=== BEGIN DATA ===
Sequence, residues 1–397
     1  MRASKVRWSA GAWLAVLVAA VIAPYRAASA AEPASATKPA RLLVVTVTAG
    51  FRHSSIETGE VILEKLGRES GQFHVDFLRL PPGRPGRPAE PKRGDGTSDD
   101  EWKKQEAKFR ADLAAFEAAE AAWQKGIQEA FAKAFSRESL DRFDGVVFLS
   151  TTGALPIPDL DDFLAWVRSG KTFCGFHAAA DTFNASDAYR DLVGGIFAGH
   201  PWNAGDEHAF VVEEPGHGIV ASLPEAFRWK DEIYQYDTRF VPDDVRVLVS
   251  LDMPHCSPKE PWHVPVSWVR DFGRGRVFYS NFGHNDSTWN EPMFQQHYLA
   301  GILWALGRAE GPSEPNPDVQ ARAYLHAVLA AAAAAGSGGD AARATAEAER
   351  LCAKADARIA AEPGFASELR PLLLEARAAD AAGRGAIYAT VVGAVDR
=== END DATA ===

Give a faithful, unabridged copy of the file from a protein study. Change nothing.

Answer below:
Sequence, residues 1–397
     1  MRASKVRWSA GAWLAVLVAA VIAPYRAASA AEPASATKPA RLLVVTVTAG
    51  FRHSSIETGE VILEKLGRES GQFHVDFLRL PPGRPGRPAE PKRGDGTSDD
   101  EWKKQEAKFR ADLAAFEAAE AAWQKGIQEA FAKAFSRESL DRFDGVVFLS
   151  TTGALPIPDL DDFLAWVRSG KTFCGFHAAA DTFNASDAYR DLVGGIFAGH
   201  PWNAGDEHAF VVEEPGHGIV ASLPEAFRWK DEIYQYDTRF VPDDVRVLVS
   251  LDMPHCSPKE PWHVPVSWVR DFGRGRVFYS NFGHNDSTWN EPMFQQHYLA
   301  GILWALGRAE GPSEPNPDVQ ARAYLHAVLA AAAAAGSGGD AARATAEAER
   351  LCAKADARIA AEPGFASELR PLLLEARAAD AAGRGAIYAT VVGAVDR